STATUTE OF LIMITATIONS-ARBITRATION

Morse v. Fisher Asset Mgmt., LLC, 2019 Pa. Super. LEXIS 244 (March 15, 2019) Murray, J.-Dismissal of an arbitration action for statute of limitations purposes was proper. There was no stay where the court had previously granted POs. When the complaint was filed in 2009, appellant could have sought enforcement of the arbitration agreement by filing POs or Petition to Compel Arbitration. If the Petition to Compel had been filed, and the court granted it, the matter would have included a stay of proceedings. However, appellees filed preliminary objections seeking dismissal. The court agreed with appellees that when the court sustained the POs and dismissed the complaint in 2009, the action was not stayed. No appeal was filed either.  

STATUTE OF LIMITATIONS-FAIR DEBT COLLECTION PRACTICES ACT-VIOLATION OCCURRENCE

Rotkiske v. Klemm,  No. 16-1668 (3d Cir. May 15, 2018), Hardiman, C.J.

This appeal requires us to determine when the statute of limitations begins to run under the Fair Debt Collection Practices Act (FDCPA or Act), 91 Stat. 874, 15 U.S.C. § 1692 et seq. The Act states that “[a]n action to enforce any liability created by this subchapter may be brought in any appropriate United States district court . . . within one year from the date on which the violation occurs.” 15 U.S.C. § 1692k(d). The United States Courts of Appeals for the Fourth and Ninth Circuits have held that the time begins to run not when the violation occurs, but when it is discovered. See Lembach v. Bierman, 528 F. App’x 297 (4th Cir. 2013) (per curiam); Mangum v. Action Collection Serv., Inc., 575 F.3d 935 (9th Cir. 2009). We respectfully disagree. In our view, the Act says what it means and means what it says: the statute of limitations runs from “the date on which the violation occurs.” 15 U.S.C. § 1692k(d).

STATUTE OF LIMITATIONS-VICARIOUS LIABILITY-AMENDMENT OF COMPLAINT-AMPLIFICATION

STATUTE OF LIMITATIONS-MEDICAL MONITORING CLAIM-TOLLING

Blanyar v. Genova Products, 2017 U.S. App. LEXIS 11685 (3rd Cir. June 30, 2017) Vanaskie, C.J.  Under Pennsylvania law, the statute of limitations for a medical monitoring claim is two (2) years.  The discovery rule tolls the statute of limitations during the plaintiff’s complete inability, due to facts and circumstances not within his control, to discover an injury despite the exercise of due diligence.  The statute of limitations begins to run when the plaintiff knows or, in the exercise of reasonable diligence, should have known:  (1) that he has been injured; and (2) that his injury has been caused by another’s conduct.  Plaintiff must use all reasonable diligence to inform himself or herself of the relevant facts.  In a medical monitoring case, the injury occurs when plaintiff is placed at a significantly increased risk of contracting a serious blatant disease.  Thus, for the discovery rule to apply appellants must not have known and reasonably could not have discovered the dangers of chemical exposure two (2) years before the filing of their complaint.  Because none of the appellants have alleged that they have suffered any ill effects due to their work at the chemical plant, they may not be foreclosed from bringing personal injury actions if they later contract diseases related to their alleged occupational exposure.  Although the instant claims for medical monitoring are time barred, the statute of limitations to bring personal injury actions would begin to run anew where appellants manifest symptoms of occupational disease 300 weeks after the last exposure to hazardous substances.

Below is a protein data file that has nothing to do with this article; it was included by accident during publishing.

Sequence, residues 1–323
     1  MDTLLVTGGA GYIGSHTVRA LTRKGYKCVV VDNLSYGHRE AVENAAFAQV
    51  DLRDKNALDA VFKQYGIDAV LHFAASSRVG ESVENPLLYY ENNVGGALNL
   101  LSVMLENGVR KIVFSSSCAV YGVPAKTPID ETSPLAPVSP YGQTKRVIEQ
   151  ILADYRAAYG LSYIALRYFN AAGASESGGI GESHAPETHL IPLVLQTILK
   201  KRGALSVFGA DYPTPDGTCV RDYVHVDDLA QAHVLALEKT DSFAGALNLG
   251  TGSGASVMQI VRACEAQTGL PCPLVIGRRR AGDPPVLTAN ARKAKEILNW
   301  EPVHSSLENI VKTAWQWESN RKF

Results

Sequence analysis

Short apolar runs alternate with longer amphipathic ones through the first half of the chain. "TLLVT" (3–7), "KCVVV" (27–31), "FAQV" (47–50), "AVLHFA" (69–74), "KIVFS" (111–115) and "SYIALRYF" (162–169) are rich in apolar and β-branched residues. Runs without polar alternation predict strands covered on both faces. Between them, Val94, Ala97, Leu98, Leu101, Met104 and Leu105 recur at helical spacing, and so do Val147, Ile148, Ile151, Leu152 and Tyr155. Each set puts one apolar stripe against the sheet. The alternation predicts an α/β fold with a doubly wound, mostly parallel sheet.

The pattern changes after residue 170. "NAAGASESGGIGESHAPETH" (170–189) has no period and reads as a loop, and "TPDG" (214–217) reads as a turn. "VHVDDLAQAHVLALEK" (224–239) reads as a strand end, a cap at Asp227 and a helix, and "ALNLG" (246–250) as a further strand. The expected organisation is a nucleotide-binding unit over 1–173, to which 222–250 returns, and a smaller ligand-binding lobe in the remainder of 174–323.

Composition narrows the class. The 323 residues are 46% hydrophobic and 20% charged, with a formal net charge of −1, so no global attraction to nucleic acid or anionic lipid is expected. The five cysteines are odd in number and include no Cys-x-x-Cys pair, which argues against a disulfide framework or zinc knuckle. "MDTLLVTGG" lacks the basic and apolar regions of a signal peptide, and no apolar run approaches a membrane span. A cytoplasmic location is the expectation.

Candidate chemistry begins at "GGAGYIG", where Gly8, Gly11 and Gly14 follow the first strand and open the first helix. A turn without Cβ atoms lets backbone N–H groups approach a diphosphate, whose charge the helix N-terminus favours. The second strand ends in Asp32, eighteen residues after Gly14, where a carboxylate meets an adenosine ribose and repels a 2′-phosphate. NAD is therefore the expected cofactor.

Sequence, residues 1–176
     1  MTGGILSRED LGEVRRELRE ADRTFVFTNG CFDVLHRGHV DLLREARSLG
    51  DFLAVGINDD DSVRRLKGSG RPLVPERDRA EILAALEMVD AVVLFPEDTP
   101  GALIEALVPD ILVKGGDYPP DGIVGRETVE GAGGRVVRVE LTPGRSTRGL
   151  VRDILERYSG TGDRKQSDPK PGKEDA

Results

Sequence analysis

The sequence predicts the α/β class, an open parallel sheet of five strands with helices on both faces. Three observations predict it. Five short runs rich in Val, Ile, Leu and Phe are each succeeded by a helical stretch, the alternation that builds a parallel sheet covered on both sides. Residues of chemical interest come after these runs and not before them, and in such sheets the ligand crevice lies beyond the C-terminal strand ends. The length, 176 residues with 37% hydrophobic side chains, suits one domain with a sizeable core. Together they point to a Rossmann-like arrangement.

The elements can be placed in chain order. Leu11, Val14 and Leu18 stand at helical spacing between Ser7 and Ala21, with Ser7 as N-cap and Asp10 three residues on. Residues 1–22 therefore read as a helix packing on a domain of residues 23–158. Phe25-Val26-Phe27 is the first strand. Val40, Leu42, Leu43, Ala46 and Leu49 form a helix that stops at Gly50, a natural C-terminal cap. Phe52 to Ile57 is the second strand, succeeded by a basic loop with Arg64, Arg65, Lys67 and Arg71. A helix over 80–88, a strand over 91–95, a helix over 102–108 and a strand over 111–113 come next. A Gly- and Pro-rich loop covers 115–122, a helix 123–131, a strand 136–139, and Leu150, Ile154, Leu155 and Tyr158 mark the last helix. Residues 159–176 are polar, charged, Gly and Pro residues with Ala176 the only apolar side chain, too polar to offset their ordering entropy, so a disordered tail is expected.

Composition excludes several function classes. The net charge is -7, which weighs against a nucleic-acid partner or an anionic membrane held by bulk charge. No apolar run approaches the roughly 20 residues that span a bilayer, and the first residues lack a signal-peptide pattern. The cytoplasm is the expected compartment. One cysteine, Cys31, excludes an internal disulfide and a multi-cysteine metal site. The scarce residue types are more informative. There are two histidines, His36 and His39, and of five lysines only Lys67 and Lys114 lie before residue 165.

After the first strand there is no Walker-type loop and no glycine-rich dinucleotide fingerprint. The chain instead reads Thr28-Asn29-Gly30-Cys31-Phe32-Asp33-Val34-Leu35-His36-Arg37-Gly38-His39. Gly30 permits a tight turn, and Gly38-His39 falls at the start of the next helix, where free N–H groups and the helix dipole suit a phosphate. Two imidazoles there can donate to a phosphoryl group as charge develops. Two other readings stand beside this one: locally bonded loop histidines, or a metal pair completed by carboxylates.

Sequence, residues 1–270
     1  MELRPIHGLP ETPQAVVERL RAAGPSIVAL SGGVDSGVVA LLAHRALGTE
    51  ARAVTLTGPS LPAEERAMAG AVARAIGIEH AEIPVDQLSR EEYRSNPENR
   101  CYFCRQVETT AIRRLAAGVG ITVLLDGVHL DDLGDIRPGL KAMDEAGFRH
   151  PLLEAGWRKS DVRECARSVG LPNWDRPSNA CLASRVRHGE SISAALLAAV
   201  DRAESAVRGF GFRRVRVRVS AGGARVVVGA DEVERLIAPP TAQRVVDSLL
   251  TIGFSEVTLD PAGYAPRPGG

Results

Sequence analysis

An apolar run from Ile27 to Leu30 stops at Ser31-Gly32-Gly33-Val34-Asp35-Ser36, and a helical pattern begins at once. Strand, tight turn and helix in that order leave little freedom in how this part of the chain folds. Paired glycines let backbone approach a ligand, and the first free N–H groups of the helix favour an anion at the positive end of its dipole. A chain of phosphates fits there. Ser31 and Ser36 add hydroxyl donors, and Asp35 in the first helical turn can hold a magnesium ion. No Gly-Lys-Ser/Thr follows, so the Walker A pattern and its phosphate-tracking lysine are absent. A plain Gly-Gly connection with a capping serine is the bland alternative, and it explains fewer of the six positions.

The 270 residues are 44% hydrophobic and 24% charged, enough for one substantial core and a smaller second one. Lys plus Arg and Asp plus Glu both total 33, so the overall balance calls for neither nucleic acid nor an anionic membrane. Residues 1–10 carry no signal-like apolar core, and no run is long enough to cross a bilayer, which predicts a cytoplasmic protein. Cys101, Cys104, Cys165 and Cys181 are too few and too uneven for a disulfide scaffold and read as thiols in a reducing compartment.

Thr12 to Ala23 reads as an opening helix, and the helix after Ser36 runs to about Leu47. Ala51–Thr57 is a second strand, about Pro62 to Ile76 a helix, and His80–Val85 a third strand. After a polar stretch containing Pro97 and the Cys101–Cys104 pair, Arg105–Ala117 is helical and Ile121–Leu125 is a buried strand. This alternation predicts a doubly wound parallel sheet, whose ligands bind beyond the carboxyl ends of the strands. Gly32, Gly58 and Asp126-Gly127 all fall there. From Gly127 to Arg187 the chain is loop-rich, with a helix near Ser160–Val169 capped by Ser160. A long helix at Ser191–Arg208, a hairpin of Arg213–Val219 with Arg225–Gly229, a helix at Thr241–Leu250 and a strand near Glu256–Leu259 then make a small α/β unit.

STATUTE OF LIMITATIONS-MINORS TOLLING STATUTE-SEXUAL ABUSE

S.J. v. Gardner, 2017 Pa. Super. LEXIS 511 (July 11, 2017) Stevens, P.J.E.  S.J., a minor, by and through her guardians, B.J. and C.J. (collectively “Appellants”) appeals the order entered by the Honorable Angela R. Krom of the Court of Common Pleas of Franklin County, granting Appellee Calvin M. Gardner’s cross-motion for summary judgment and dismissing S.J.’s civil action for damages caused by the sexual abuse perpetrated on her by Appellee. Appellants specifically contend that the trial court erred in finding S.J.’s action was time-barred and that the Minority Tolling Statute did not toll the relevant statute of limitations. We reverse the order granting summary judgment and remand for further proceedings.  Appellants argue that the trial court incorrectly found that S.J.’s parents, who filed this lawsuit on S.J.’s behalf, could not invoke the protection of the Minority Tolling Statute and were still required to comply with the two-year statute of limitations applicable to intentional torts. The trial court suggested that the statute must only be applied to allow minors to wait until they reach the age of majority (eighteen years old) to file such an action in their individual capacity as adults, when their parents failed to do so on their behalf within the applicable statute of limitations.  The trial court’s interpretation of the Minority Tolling Statute is incorrect and conflicts with existing decisional law in which our courts have previously interpreted the same provision.  In other words, the limitations period for a minor’s claim is measured from the time the minor turns eighteen, irrespective of the date the cause of action accrues and regardless of whether the action is filed by the minor’s guardians or by the minor in his or her individual capacity once he or she turns eighteen. See Czimmer v. Janssen Pharm., Inc., 122 A.3d 1043, 1060–61 (Pa.Super. 2015), reargument denied (Oct. 26, 2015). J-A11032-17 – 7 – Thus, in the instant case, the applicable time period for S.J. to file this civil suit against Appellee did not begin to run when S.J. revealed to her parents that she had been subjected to Appellee’s sexual abuse. Although this discovery marked the accrual of S.J.’s cause of action, the limitations period for S.J.’s claim was suspended until S.J.’s eighteenth birthday pursuant to the Minority Tolling Statute. Thus, S.J.’s parents commenced this lawsuit on S.J.’s behalf before the period of limitations began to run.  We reject the trial court’s suggestion that the Minority Tolling Statute should be interpreted to require S.J. to wait until she turns eighteen to pursue her legal action against Appellee for childhood sexual abuse.  Accordingly, this civil action, which S.J.’s parents filed on minor S.J.’s behalf, was not time-barred as the Minority Tolling Statute had suspended J-A11032-17 – 9 – the applicable statute of limitations.2 For the foregoing reasons, we conclude the trial court erred in granting Appellee’s motion for summary judgment.